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FREEDOM NOW AND OTHER JAMS, PART 3

Whitey's on the Moon

 “I play Black classical music,” singer/songwriter Nina Simone once said. “I don’t like the term ‘jazz’… It’s a term that’s simply used to identify Black people.” Regardless of what it was called, Simone’s work earned her the protest-music crown.

Born Eunice Kathleen Waymon in North Carolina, she studied classical piano at Juilliard for a year in preparation for applying to Philadelphia’s Curtis Institute of Music. Her “dream school” denied her admission, however, a slight she attributed to racial discrimination.

Simone debuted on record in 1959 with Little Girl Blue at the age of 26. She went on to marry pop and gospel vocals to classical music, developing a jazzy sound she took to a European distributor, the Netherlands-based Philips Records, which released a series of albums from 1964 to 1967 that reflected a profound evolution of her musical output.

Nina Simone in Concert, issued in 1964, featured “Mississippi Goddam,” a straightforward condemnation of the murder of Medgar Evers in Mississippi and the church bombing that killed four Black girls in Alabama, both of which occurred in 1963. Simone called it her “first civil rights song.” It was boycotted in some Southern states; one radio station smashed the vinyl and returned the shards to Philips. An unabashed Black nationalist, Simone was soon revered in the African-American community and around the world for songs like “To Be Young, Gifted and Black” (inspired by Raisin in the Sun playwright Lorraine Hansberry), “Why? (The King of Love Is Dead)” (mourning Martin Luther King Jr.), “Backlash Blues” and “I Wish I Knew How It Would Feel to Be Free.”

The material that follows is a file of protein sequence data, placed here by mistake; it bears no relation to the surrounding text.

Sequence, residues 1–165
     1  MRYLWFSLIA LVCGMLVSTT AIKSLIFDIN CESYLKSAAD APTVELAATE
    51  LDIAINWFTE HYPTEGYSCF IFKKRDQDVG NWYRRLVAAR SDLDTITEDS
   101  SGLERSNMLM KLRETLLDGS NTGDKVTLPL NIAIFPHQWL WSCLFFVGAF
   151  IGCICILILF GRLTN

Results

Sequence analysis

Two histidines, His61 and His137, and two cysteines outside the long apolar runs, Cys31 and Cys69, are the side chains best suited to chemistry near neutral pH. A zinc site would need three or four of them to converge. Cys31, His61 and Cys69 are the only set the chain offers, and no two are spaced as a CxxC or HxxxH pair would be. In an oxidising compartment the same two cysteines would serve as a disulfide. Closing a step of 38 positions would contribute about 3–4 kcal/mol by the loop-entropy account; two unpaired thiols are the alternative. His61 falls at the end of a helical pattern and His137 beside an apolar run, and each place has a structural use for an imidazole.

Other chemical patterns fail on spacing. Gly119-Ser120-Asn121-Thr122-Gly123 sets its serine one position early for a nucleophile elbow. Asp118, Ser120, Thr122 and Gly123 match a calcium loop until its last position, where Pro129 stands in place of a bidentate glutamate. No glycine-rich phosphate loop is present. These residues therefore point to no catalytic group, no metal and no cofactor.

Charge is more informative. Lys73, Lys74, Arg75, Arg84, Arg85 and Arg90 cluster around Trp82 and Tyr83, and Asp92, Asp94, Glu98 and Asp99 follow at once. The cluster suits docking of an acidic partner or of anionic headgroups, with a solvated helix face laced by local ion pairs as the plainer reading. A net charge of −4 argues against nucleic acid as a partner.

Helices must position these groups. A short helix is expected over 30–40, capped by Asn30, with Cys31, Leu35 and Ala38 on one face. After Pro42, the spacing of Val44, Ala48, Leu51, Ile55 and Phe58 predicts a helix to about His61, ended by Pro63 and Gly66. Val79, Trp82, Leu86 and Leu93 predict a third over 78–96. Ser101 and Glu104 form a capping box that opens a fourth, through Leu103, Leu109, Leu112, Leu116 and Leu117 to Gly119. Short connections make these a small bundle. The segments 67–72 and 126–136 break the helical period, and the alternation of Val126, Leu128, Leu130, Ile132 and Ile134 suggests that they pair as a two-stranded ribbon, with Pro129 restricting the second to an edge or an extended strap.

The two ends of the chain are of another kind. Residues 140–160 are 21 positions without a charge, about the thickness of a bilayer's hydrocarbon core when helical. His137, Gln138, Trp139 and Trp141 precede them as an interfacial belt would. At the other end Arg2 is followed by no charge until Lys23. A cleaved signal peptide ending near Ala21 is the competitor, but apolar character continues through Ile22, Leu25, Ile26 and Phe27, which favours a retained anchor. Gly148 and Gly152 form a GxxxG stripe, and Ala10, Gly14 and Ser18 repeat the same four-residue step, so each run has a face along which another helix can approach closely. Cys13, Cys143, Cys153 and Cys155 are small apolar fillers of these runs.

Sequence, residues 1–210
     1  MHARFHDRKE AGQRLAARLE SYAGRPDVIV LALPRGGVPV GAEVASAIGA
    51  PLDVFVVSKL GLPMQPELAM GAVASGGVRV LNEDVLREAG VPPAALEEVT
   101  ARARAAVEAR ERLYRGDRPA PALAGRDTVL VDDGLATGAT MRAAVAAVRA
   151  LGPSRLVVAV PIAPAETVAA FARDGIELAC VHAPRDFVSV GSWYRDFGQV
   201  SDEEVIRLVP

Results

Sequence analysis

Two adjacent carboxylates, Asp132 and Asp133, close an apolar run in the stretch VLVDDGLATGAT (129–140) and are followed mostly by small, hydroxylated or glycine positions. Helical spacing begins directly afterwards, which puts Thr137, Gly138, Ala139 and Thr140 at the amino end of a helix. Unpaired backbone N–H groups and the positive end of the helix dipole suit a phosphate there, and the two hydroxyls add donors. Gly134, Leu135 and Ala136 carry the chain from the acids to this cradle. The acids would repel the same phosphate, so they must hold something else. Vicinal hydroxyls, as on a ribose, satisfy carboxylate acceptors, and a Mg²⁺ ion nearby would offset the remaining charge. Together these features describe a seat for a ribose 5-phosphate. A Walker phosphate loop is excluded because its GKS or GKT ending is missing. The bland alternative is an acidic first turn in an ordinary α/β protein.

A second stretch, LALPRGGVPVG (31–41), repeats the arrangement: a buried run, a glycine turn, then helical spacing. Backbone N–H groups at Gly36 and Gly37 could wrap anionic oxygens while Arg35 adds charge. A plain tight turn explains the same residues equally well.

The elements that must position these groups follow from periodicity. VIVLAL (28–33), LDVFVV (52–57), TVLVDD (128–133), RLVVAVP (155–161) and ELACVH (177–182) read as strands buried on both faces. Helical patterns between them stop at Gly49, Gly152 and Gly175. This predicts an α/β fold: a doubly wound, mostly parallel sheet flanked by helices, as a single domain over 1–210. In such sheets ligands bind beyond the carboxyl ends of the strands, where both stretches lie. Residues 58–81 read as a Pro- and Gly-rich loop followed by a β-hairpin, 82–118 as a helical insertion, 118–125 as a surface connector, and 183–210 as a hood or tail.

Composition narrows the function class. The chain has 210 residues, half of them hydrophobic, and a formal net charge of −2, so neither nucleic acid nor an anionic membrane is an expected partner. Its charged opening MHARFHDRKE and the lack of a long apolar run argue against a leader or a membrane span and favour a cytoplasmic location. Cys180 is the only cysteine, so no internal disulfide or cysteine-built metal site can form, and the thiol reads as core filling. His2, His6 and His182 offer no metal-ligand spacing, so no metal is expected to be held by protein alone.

Among those marching in after Simone kicked down the door was Gil Scott-Heron. He was more poet than singer, however, more of a Black Bob Dylan than a male Nina Simone. Born in Chicago in 1949, he is a forefather of both hip-hop and spoken-word.

In the liner notes to his debut al-bum, 1970’s Small Talk at 125th and Lenox, Scott-Heron recognizes not only Simone but Billie Holiday, John Coltrane, Malcolm X and Black Panthers co-founder Huey Newton. “The Revolution Will Not Be Televised” stands as his greatest protest, its title becoming a cultural touchstone.

Never strictly a jazz artist but deeply influenced by jazz, he could nonetheless be counted on for trenchant political commentary. Scott-Heron took on Ronald Reagan twice (“B Movie” and “Re-Ron”), assayed Apartheid (the boisterous “Johannesburg”), mulled the dangers of nuclear power (“We Almost Lost Detroit”) and, in “Winter in America,” captured the weight of despair under right-wing rule.

Kanye West’s use of Scott-Heron’s “Comment #1” as the closing track of his 2010 masterwork My Beautiful Dark Twisted Fantasy and the presence of “Whitey on the Moon” in a pivotal scene from the Oscar-winning 2018 Neil Armstrong biopic First Man, among other appearances, testify to Scott-Heron’s continued relevance.

Go here for Part 4: The Remix.

LISTEN: OUR BHM 2021 "FREEDOM SUITE" PLAYLIST

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GRAMMY CHEW: AOTY WILD CARDS
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NEAR TRUTHS:
THE LUCIAN DECADE
A history lesson from I.B. Bad (9/23a)
SIR LUCIAN TURNS IT UP
As UMG goes solo, Grainge discusses leading the band. (9/20a)
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A chronicle of the inexplicable.
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We make yet more predictions, which you are free to ignore.
2022 TOURS
May we all be vaxxed by then.
ROCK'S NEW CHAPTER
Power pop, global glam and the return of the loud.
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